India's next-gen talents' WNBA dream halted, but far from over

Khushi Dongre, a Kyrie Irving fan, believes ball handling is her biggest strength. NBA Academy

Sanjana Ramesh, Khushi Dongre and Asmat Kaur are three of a new wave of Indian talents who moved to colleges and schools across the United States over the past year in pursuit of a dream to reach the WNBA, the top of women's basketball. Those dreams have been brought to a shuddering halt by the COVID-19 pandemic -- as has almost all activity across the world -- but the athletes, now back home in India, have many happy memories to look back on, and much to look forward to.

They now miss the routine that is a part of every high-school/collegiate athlete's life, including the gruelling training sessions.

"It's exactly like Coach Carter," says 17-year-old Sanjana. The Bengaluru girl is a freshman at Northern Arizona University and she believes the Samuel L. Jackson movie (where he whips an out-of-shape high school basketball team into one that is a whole lot more awesome) provides the perfect peek into the life of a collegiate athlete. At least the bits about the training.

"The training is so intense; workouts [in India] barely hold their own to the warm-ups [in college]. Those scenes where they throw up in the movie [during the training montages], that's not exaggerated at all." It may sound like torture, but Sanjana's laughter while narrating the story suggests differently.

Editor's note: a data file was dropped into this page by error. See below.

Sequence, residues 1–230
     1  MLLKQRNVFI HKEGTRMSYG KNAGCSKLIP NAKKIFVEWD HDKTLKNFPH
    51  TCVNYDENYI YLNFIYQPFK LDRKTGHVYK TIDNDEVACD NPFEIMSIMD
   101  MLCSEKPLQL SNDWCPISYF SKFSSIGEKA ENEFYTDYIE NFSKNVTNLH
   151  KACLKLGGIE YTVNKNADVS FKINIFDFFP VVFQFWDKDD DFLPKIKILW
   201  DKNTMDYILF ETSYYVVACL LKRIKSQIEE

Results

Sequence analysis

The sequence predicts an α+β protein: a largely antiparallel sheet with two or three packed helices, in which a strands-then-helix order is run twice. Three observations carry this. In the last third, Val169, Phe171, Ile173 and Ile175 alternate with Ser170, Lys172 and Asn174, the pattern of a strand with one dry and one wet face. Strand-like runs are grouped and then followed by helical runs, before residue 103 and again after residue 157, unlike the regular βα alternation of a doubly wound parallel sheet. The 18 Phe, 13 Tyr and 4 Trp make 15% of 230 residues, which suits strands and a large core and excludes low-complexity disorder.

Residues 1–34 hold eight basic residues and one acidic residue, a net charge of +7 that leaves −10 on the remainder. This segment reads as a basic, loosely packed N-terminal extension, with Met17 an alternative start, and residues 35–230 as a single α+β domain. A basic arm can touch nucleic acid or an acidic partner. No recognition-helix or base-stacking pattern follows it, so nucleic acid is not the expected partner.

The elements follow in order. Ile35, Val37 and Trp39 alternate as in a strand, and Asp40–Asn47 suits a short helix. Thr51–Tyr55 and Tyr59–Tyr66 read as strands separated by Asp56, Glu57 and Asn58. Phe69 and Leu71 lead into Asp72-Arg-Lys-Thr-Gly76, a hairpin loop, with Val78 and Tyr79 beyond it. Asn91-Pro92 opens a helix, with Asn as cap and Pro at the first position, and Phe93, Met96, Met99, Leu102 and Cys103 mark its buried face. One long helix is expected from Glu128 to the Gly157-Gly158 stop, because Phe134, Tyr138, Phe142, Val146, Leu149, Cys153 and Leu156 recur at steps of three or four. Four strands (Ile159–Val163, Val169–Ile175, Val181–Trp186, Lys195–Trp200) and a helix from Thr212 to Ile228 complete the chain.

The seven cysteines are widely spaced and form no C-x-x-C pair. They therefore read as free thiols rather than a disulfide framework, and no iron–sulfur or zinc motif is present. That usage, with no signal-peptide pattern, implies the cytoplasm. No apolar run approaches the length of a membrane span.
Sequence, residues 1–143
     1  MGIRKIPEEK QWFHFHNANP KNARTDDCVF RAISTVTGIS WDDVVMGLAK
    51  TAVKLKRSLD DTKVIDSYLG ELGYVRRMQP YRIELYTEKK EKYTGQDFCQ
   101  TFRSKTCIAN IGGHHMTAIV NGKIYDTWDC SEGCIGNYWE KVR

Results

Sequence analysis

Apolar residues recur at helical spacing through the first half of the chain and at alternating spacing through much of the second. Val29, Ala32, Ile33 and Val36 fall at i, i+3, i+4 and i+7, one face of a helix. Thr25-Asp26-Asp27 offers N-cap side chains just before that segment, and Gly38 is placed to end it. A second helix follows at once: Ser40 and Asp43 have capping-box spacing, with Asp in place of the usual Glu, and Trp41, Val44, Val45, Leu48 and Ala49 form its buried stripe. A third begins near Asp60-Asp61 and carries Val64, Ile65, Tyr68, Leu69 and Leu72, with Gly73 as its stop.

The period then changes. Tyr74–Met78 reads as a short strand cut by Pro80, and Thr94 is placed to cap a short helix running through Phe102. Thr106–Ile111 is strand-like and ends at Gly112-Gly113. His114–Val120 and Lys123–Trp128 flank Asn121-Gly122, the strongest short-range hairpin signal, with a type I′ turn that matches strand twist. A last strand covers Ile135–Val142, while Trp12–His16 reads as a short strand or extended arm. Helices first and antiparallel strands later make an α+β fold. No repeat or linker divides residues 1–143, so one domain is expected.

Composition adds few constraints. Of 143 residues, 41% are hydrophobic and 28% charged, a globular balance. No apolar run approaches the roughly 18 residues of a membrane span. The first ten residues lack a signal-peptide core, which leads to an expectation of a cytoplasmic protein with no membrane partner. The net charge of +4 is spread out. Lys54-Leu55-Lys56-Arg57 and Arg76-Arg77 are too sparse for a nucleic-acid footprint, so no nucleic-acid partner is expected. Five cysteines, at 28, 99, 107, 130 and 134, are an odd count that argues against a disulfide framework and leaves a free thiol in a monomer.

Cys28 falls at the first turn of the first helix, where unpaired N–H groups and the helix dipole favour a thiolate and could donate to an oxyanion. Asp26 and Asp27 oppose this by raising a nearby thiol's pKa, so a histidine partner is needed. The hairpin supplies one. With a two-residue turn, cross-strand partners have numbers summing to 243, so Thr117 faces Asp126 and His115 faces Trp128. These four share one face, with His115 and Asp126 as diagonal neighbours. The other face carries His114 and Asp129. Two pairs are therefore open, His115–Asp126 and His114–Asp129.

Sanjana has suffered before. In June 2018, she tore an ACL, which kept her on the sidelines for more than a year. The fact that she still became just the second Indian to receive a Division I women's basketball scholarship (after Kavita Akula, in 2017) last year, is a testament to her quality. She had joined the college not quite fully fit, but after a couple of months of focused strength and conditioning training, she was back.

"A month [in the States] was like a year [in India]. The difference in quality [of the rehabilitation and S&C] is just that high."

She had not stepped onto the court yet in a Division 1 game -- she is, after all, still a freshman -- but that has not raised much concern. While in college, her coaches would have continuous interactions with her, highlighting a clear-cut roadmap and that has convinced her. Keep working hard, keep improving, the game time will come.